Manny P. here…
Santa Catalina has been the location for the filming of over 500 motion pictures, television programs, documentaries, and commercials over the past 90 years. Beginning as early as 1911, and continuing through the Silent Film era and the introduction of sound to cinema, the Island served as location for more than 225 films.
Throughout its history, the Island has been transformed into the coast of North Africa, Tahiti, and even the American frontier. It’s been called the lost continent of Atlantis, and the home of a famous mechanical shark… Jaws. In short, Santa Catalina Island holds a unique place in the history of motion picture productions as Hollywood’s exotic backlot.
During the 16 years of silent film production, many notable directors and actors frequented the Island and produced many classic films, such as Ten Commandments, Ben Hur, Treasure Island, Old Ironsides, and The Black Pirate. D.W. Griffith was one of the first directors on the Island. His feature Man’s Genesis was filmed in 1912. Many of the large studios followed Griffith’s lead and began utilizing the Island as the backdrop of their films. Universal, Lasky Film Corporation, Fox, Paramount, Metro-Goldwyn, and United Artists were among the many companies.
Another interesting and lasting impression of this unique history was the introduction of the North American Bison to the Island. Many believe that the bison were brought to the Island for the production of The Vanishing American, the movie version of Zane Grey’s classic novel, released by the Lasky Film Corporation in 1925. Perhaps the Island scenes ended up on the cutting room floor. However, a herd of the bison has been roaming the hills of Catalina since December of 1924.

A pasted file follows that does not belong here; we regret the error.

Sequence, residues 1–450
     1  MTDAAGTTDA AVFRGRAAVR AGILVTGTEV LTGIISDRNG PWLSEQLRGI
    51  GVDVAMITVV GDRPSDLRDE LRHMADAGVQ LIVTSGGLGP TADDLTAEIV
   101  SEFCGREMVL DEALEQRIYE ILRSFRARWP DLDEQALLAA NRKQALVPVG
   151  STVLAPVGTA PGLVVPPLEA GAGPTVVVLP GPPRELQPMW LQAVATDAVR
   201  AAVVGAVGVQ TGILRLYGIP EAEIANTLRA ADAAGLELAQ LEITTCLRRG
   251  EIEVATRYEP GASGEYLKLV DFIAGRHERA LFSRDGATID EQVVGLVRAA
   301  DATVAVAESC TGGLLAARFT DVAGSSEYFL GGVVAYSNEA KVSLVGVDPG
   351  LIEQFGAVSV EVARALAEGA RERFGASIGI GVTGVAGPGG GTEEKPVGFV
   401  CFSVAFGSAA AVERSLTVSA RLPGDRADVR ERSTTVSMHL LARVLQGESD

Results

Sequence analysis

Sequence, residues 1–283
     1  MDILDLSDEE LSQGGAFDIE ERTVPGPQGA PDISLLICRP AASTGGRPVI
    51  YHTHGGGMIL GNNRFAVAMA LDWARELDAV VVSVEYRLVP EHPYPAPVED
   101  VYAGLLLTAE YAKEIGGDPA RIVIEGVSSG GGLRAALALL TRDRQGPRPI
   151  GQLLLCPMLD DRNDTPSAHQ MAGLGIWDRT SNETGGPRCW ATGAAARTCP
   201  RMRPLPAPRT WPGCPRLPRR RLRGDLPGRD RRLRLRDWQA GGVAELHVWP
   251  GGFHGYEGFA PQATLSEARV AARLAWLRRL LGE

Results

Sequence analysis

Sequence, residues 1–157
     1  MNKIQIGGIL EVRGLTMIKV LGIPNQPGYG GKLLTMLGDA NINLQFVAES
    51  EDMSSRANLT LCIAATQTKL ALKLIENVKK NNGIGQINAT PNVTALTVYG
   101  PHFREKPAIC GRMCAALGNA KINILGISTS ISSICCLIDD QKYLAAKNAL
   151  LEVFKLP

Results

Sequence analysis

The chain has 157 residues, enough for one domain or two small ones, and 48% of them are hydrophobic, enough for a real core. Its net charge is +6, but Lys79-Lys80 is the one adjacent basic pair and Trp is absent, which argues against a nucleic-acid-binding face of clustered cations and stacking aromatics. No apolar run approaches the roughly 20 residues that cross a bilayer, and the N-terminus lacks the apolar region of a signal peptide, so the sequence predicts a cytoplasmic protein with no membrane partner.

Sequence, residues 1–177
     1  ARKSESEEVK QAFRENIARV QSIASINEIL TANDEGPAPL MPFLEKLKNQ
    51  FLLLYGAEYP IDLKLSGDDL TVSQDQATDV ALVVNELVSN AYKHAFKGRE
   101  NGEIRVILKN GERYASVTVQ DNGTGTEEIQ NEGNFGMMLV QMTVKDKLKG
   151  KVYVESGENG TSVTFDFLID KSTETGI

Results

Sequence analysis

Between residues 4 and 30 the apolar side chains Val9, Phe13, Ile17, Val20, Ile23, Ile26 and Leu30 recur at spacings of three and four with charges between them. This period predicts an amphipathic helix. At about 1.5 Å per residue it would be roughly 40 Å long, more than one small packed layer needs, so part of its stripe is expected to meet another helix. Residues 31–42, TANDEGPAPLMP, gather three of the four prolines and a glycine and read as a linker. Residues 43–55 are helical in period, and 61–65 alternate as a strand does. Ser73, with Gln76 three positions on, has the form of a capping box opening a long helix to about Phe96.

Sound to motion pictures ushered in a new era of production for Hollywood and Catalina Island. It continued to be a prime location for many of Hollywood’s best filmmakers. One of the first talkies filmed was Condemned starring Ronald Colman. The following years witnessed Island of Lost Souls, Rain, Treasure Island, Captain Blood, Mutiny on the Bounty, and Captain’s Courageous being shot on the Island. The amount of motion pictures during this period introduced several screen favorites to the immense charms of Catalina.
Many famous actors and celebrities were spotted on the Island and off the coast in their palatial yachts. Each week, Harry Grattan, proprietor of the St. Catherine’s Hotel gift shop, would report his celebrity sightings. Charlie Chaplin, Joan Crawford, Clark Gable, Betty Grable, Norma Shearer, Irving Thalberg, Richard Arlen, and Johnny Weissmuller were all steady visitors.
JOHN WAYNE JOHNNY WEISSMULLER LAUREL & HARDY HUMPHREY BOGART
The onset of World War II changed life on the Island and in Hollywood significantly. Avalon was closed to tourism and the use of the Island for filming was suspended. After World War II, the film industry’s use of Catalina Island slowly re-emerged. Memorable productions have been filmed at the location over the last fifty years, including The Glass Bottom Boat, Chinatown, Rosemary’s Baby, Apollo 13, Waterworld, MacArthur, and Amistad. Most recently, aerial shots of the Island were featured in Disney’s Pearl Harbor. And, Natalie Wood infamously drowned off its coast.
Santa Catalina awaits the next cast and crew that will add another production to the already long list of memorable movies filmed on her shores.
Until next time> “never forget”